Then again, the coolest individual baseball feat I've ever seen live is Aaron Judge hitting a home run clear over the Yankee Stadium bleachers.
Petriello: I think it's clear there's not a wrong answer here, because we're talking about three of the best to ever do it. So let's be straight about that. But if we're talking worldwide appeal, I'm not sure how there's even a question here. Ohtani is alone at the top of the heap, even on days he's not pitching.
Langs: The media surrounding him at the WBC was a larger contingent than I have seen at some World Series games.
Feinsand: Worldwide? Hmm. I was recently in Italy and I saw a lot of Yankees hats and Judge shirts. Not a single Angels/Ohtani item anywhere.
I think to die-hard baseball fans, you’re 100% right. To a casual fan or non-fan, I think the Yankees name carries far more weight. More of those people know who Aaron Judge is.
Petriello: NYC is cool internationally. Anaheim -- I'm sorry, so sorry -- is not.
Adler: Aaron Judge is the biggest superstar on the biggest global team. Shohei Ohtani is the biggest global superstar on a far less global team.
What happens if you put Shohei Ohtani on the Yankees and Aaron Judge on the Angels?
Feinsand: Oh, I totally agree. Judge’s team is a big part of who he is. If Judge breaks the AL home run record in an Angels uniform, it doesn’t get nearly the same attention. Those pinstripes are quite a thing.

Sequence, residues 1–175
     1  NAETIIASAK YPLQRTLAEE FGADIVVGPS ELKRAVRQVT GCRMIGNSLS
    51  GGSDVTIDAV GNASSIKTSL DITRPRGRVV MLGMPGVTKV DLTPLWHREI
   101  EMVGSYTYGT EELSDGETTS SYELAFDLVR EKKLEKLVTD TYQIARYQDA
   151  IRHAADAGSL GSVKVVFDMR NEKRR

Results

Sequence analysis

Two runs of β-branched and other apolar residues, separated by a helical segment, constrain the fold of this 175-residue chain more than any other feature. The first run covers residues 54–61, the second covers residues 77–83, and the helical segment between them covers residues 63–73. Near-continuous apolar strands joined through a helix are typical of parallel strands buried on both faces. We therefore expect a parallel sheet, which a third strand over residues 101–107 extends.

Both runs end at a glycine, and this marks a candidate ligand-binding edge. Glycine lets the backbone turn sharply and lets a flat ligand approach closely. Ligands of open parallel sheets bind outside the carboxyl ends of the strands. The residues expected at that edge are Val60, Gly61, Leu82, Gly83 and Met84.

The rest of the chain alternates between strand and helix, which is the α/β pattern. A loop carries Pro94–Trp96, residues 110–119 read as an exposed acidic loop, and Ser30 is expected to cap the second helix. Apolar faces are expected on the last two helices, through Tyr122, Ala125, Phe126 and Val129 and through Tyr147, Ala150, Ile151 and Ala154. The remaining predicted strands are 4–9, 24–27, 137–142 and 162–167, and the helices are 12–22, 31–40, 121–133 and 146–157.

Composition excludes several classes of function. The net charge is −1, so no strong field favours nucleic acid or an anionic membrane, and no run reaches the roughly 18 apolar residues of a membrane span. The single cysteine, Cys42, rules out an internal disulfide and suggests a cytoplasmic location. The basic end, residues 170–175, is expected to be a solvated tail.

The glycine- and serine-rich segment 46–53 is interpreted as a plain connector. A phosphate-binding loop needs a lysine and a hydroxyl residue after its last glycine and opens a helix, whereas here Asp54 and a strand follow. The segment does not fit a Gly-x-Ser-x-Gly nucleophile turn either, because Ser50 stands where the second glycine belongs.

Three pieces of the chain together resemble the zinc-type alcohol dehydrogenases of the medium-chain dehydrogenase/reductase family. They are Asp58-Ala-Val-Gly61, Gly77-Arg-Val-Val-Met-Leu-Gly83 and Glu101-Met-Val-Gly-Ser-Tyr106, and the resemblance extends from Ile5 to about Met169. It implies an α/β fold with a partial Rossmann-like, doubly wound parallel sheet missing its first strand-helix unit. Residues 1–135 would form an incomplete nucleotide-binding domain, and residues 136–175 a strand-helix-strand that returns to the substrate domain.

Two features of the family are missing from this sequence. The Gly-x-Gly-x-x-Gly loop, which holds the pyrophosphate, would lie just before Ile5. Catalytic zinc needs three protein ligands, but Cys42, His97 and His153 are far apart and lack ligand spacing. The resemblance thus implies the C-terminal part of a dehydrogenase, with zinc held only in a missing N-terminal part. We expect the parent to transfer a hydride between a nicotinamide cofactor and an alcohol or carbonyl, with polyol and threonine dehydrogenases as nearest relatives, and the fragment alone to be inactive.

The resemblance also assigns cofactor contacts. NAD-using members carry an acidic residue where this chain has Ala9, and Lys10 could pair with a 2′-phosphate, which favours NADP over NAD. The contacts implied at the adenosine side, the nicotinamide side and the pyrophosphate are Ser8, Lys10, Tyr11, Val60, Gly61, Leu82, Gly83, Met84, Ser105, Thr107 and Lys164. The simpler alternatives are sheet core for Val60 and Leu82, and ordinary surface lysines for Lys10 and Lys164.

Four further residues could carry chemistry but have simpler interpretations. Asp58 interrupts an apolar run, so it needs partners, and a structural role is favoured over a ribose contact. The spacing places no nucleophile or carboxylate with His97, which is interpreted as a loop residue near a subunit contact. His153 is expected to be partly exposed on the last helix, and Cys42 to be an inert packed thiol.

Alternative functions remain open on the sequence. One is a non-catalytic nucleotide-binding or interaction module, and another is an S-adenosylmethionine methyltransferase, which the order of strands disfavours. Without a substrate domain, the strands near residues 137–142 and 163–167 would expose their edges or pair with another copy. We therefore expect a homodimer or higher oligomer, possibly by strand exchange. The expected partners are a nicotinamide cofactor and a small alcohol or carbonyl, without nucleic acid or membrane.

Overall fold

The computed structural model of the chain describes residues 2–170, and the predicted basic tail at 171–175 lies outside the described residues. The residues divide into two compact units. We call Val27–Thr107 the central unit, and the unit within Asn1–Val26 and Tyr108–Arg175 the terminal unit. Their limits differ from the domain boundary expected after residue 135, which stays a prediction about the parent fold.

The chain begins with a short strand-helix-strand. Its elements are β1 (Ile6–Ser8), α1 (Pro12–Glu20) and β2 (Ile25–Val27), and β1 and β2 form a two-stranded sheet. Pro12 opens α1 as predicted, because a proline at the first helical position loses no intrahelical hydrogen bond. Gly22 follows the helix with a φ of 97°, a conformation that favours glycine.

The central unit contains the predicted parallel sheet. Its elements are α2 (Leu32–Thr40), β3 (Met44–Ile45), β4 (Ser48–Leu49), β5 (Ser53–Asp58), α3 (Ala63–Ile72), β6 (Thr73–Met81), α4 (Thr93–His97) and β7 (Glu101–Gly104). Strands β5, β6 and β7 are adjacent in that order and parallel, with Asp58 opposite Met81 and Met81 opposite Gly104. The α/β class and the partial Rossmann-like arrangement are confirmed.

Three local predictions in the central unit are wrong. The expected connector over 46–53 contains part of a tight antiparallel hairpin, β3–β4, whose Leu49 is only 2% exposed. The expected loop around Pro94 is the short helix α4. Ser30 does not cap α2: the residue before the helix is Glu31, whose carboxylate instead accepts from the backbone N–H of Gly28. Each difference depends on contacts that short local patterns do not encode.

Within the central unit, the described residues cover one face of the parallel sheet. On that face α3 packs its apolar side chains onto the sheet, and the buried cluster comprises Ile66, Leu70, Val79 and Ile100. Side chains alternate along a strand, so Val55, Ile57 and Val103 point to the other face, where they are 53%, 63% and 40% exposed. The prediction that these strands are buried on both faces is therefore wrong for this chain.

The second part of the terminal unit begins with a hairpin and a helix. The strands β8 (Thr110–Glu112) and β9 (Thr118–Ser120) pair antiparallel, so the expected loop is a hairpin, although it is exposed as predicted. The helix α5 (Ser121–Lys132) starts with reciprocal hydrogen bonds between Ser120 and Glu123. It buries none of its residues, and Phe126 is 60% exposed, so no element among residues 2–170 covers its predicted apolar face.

Adler: But I will give Aaron Judge credit that he had a historic season for a historic team.
Feinsand: But global recognition isn’t as meaningful in this conversation anyway. People in Europe aren’t buying tickets to see this week’s games. And if they are, they would have bought them no matter who the Yankees were playing.
Footer: A while back, we had a roundtable debate about whether Ohtani should win the MVP every year for the simple fact that he’s a hitter AND a pitcher, something no other player can match, no matter how great of a season he has. Since then, Ohtani and Judge have each won an MVP Award. Does that change the scope of the argument? Does Judge have to break his own AL record again in order to be considered, assuming Ohtani does his normal Ohtani things?
Mark Feinsand: No. No. No.
Mike Petriello: I would say yes. If he didn't break the AL record last year, the MVP argument is much, much closer.
Feinsand: Once we see a player do something historic like Ohtani did in 2021, the awe factor wears off a little. And the fact that there wasn’t really a strong candidate to challenge him in 2021 mattered, too. If Judge had posted his 2022 season in 2021, I’d guess Ohtani wouldn’t have been unanimous -- and might not have won.
Adler: What if hitting 60 homers is "normal Judge things." Then do you ask, "does Ohtani have to have another crazy two-way season to win MVP if Aaron Judge does his normal Aaron Judge things?"
Feinsand: But if Judge’s 60 homers get the Yankees to the postseason and Ohtani’s “Ohtani things” result in another 78-win season for the Angels, then Judge is getting my vote. And you can fill in J-Rod/Mariners or Ramírez/Guardians or Vlad/Blue Jays for Judge/Yankees in that sentence and it’s the same thing.
Langs: I think it is a new argument every year and it depends on how we define normal Ohtani things. Being a top 5 pitcher in baseball and also hitting a lot of home runs is on a whole other level. If either of those lag, it is a different conversation.
Feinsand: Good point, Sarah. If Ohtani is a top-20 pitcher and a top-10 hitter, does that make him the MVP because nobody else hit and pitched? No.
Petriello: What we'll never agree on -- what many fans do not agree on -- is whether getting to the playoffs matters in the MVP conversation. I argue it does not at all, and we've seen that a lot the last few years, like with Harper, Soto, etc. Baseball's a team sport.